|"Master of Puppets"|
|Single by Metallica|
|from the album Master of Puppets|
|B-side||"Welcome Home (Sanitarium)" (7")|
|Released||July 2, 1986|
|Studio||Sweet Silence Studios, Copenhagen|
|Metallica singles chronology|
"Master of Puppets" is a song by American heavy metal band Metallica, released on July 2, 1986, as the only single from the album of the same name. It was also issued as a promo single in the US by Elektra Records.
The song was recorded during October–December 1985 at Sweet Silence Studios in Copenhagen, Denmark.
It is the second and title track of the album, preceded by a shorter, high-speed typical thrash metal track, "Battery", a similar sequencing heard on Metallica's second (Ride the Lightning) and fourth (...And Justice for All) albums. "Master of Puppets" is also notable for its extensive use of downpicking and long instrumental section, beginning at 3:34.
The song was bassist Cliff Burton's favorite song on the album, as he said when the album was released. The song is one of the band's most famous and popular songs, frequently played at concerts.
The song, as lead singer James Hetfield explained, "deals pretty much with drugs. How things get switched around, instead of you controlling what you're taking and doing, it's drugs controlling you."
The videos Cliff 'Em All, S&M and S&M2 include live performances of "Master of Puppets" in its entirety. A shortened form appears in Cunning Stunts. Both versions can be seen in the video portions of the Live Shit: Binge & Purge box set.
"Master of Puppets" is the band's most played song, first played on December 31, 1985, at San Francisco's Bill Graham Civic Auditorium for a crowd of 7,000. As of August 1, 2022, the song has been performed 1,718 times. During the band's World Magnetic Tour, additional live performances were filmed in Mexico City; Nîmes, France and Sofia, Bulgaria. These performances were released on video in November 2009 (Mexico and Nîmes) and October 2010 (Sofia).
The French electronic music duo Justice also played a version of this song on their first live album A Cross the Universe, which was released on 24 November 2008. The last song on the live album named "Final" contains a fairly large sample of "Master of Puppets".
|1.||"Master of Puppets" (7" Edit)||3:27|
|2.||"Welcome Home (Sanitarium)"||4:06|
VH1 ranked the song as the third greatest heavy metal song ever.
In March 2005, Q magazine placed it at number 22 in its 100 Greatest Guitar Tracks list.
Martin Popoff's book The Top 500 Heavy Metal Songs of All Time ranked the song at number 2. Popoff composed the book by requesting that metal fans, musicians, and journalists nominate their favorite heavy metal songs. The author derived the final rankings from a database tallying almost 18,000 votes.
The song also ranked number 1 on a 100 Greatest Riffs poll conducted by Total Guitar magazine.
The readers of Guitar World voted the song as ranking at number 51 among the 100 Greatest Guitar Solos. Lead guitarist Kirk Hammett's solos for "Fade to Black" and "One" ranked significantly higher on the same list.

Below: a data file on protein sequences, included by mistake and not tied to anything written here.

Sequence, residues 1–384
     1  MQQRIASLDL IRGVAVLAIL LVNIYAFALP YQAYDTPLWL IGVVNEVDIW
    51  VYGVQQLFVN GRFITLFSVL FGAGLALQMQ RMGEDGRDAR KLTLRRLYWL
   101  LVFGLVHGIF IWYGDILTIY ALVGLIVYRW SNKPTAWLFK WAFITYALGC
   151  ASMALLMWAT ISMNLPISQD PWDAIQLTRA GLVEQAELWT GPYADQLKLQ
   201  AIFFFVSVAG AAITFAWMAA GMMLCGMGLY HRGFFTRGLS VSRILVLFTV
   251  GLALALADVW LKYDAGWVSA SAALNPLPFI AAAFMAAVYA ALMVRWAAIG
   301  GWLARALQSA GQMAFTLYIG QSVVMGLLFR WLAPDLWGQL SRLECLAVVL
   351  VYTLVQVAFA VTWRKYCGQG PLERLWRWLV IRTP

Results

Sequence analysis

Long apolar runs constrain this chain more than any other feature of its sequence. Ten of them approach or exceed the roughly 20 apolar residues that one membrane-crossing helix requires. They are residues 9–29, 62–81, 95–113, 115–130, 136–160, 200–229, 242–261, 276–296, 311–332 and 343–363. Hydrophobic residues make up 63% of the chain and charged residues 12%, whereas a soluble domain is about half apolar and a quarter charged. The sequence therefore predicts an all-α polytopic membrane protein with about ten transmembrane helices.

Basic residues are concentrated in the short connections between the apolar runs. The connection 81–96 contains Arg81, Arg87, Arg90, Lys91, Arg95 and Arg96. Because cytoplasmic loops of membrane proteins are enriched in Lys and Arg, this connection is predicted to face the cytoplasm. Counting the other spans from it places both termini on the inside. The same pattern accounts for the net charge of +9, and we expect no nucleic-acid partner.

In 2020, Metal Hammer ranked the song number 1 on its list of the 50 best Metallica songs of all time.
In 2021, it was listed at No. 256 on Rolling Stone's "Top 500 Best Songs of All Time".
|Canada (Canadian Hot 100)||32|
|Czech Republic (Singles Digitál Top 100)||80|
|Germany (Official German Charts)||100|
|Global 200 (Billboard)||20|
|Hungary (Single Top 40)||13|
|Netherlands (Single Tip)||4|
|New Zealand (Recorded Music NZ)||17|
|Slovakia (Singles Digitál Top 100)||68|
|UK Singles (OCC)||22|
|UK Rock & Metal (OCC)||1|
|US Billboard Hot 100||35|
|US Hot Rock & Alternative Songs (Billboard)||5|
|US Rock Airplay (Billboard)||41|
|New Zealand (RMNZ)||Platinum||20,000|
|United Kingdom (BPI)||Silver||200,000|
|United States (RIAA)||Gold||500,000*|
* Sales figures based on certification alone.
A riff from David Bowie's song "Andy Warhol" (at 0'48") is quoted in "Master of Puppets" (at 6'19"). It is an homage made by Cliff Burton and Kirk Hammett to whom Bowie was a huge influence.
"Master of Puppets" is featured in a scene of the 2003 film Old School and is heard as actors Luke Wilson and Will Ferrell play characters who are busy kidnapping people off the street to join their new fraternity. The song is featured in the fourth season finale of the Netflix series Stranger Things, where Eddie Munson is seen playing the track in the Upside Down to attract the Demobats. The band said they were "blown away" by the scene. Like with Kate Bush's "Running Up That Hill", which was also featured in the season, the song regained popularity and started charting again following the release of the finale, notably entering the U.S. and U.K. charts for the first time since the song's original 1986 release and peaking at number four in the Netherlands. The song also appears in a trailer for the upcoming game Marvel's Midnight Suns. The song was featured in the opening credits for the film Zombieland: Double Tap.